UBC Faculty Research and Publications

A complex and punctate distribution of three eukaryotic genes derived by lateral gene transfer Rogers, Matthew B; Watkins, Russell F; Harper, James T; Durnford, Dion G; Gray, Michael W; Keeling, Patrick J Jun 11, 2007

Your browser doesn't seem to have a PDF viewer, please download the PDF to view this item.

Item Metadata


52383-12862_2007_Article_383.pdf [ 1.02MB ]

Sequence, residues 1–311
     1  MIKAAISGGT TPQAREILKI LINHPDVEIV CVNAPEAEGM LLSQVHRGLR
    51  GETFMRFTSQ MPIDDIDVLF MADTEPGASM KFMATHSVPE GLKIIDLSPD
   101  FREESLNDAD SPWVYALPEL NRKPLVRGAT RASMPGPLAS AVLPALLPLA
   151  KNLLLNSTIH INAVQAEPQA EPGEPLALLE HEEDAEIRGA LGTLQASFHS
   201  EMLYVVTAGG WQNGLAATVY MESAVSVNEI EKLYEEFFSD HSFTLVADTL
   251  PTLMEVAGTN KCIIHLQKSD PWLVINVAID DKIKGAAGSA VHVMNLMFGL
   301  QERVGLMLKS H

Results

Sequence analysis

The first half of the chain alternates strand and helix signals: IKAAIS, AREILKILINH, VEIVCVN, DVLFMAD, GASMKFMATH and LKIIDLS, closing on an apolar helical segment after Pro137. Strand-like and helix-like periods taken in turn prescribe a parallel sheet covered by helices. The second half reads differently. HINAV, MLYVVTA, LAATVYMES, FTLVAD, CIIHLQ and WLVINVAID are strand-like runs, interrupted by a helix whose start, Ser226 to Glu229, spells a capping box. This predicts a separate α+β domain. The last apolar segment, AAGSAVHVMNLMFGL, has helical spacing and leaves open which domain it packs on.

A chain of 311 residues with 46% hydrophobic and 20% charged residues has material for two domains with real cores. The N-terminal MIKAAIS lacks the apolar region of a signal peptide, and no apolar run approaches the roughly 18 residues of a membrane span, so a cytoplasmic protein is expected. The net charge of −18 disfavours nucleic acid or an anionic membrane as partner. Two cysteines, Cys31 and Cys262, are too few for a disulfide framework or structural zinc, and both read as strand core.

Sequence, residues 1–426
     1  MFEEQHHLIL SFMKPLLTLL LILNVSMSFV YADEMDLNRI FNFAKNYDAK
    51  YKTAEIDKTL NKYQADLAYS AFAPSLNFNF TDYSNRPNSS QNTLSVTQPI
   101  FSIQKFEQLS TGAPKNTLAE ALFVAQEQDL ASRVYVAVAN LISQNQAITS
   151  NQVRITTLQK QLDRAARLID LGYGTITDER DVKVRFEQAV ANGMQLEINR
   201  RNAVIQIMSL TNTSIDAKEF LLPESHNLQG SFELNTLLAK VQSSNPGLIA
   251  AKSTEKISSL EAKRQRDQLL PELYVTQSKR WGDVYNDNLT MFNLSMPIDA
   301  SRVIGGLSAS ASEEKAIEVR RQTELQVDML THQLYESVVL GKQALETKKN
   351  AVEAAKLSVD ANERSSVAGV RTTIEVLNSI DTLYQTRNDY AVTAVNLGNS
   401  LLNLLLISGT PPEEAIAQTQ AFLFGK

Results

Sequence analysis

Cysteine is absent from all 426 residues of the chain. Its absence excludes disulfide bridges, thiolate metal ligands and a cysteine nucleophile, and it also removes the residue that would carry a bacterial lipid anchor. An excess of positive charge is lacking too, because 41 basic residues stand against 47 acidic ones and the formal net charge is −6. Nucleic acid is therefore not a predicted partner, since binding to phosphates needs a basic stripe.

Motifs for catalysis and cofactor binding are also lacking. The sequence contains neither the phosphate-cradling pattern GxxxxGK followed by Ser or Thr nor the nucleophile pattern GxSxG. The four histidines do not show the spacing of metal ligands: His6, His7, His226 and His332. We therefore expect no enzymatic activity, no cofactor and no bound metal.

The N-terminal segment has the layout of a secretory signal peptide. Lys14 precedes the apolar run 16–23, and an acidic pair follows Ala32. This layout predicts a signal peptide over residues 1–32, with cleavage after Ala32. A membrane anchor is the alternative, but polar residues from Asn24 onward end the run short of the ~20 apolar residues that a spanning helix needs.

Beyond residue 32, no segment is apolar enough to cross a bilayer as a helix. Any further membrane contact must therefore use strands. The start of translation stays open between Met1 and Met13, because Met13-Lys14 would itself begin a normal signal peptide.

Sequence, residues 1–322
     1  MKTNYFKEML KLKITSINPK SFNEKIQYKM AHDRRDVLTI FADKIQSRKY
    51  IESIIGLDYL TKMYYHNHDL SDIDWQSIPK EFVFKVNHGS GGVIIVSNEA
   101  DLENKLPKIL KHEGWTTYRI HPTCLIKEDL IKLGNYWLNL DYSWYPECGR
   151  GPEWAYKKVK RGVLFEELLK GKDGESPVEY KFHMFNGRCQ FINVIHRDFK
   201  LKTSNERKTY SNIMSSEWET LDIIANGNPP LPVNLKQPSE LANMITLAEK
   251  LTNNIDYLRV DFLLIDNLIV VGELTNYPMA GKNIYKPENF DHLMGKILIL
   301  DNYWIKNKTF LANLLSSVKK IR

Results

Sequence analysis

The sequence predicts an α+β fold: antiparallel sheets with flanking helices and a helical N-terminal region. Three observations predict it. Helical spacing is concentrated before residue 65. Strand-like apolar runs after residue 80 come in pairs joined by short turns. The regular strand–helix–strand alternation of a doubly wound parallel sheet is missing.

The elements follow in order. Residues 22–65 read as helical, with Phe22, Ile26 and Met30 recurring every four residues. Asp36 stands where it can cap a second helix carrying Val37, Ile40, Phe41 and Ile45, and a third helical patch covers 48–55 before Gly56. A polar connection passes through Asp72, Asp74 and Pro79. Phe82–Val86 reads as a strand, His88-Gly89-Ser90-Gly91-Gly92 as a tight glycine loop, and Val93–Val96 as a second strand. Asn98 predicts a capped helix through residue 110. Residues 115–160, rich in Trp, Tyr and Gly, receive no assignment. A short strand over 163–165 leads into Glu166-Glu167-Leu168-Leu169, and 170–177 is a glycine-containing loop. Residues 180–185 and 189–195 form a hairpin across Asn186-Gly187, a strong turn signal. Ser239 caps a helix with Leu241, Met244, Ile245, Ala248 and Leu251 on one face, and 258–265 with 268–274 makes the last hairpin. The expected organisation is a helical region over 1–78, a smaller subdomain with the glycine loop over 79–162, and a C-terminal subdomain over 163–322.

JSON: 52383-1.0223227.json
JSON-LD: 52383-1.0223227-ld.json
RDF/XML (Pretty): 52383-1.0223227-rdf.xml
RDF/JSON: 52383-1.0223227-rdf.json
Turtle: 52383-1.0223227-turtle.txt
N-Triples: 52383-1.0223227-rdf-ntriples.txt
Original Record: 52383-1.0223227-source.json
Full Text

Full Text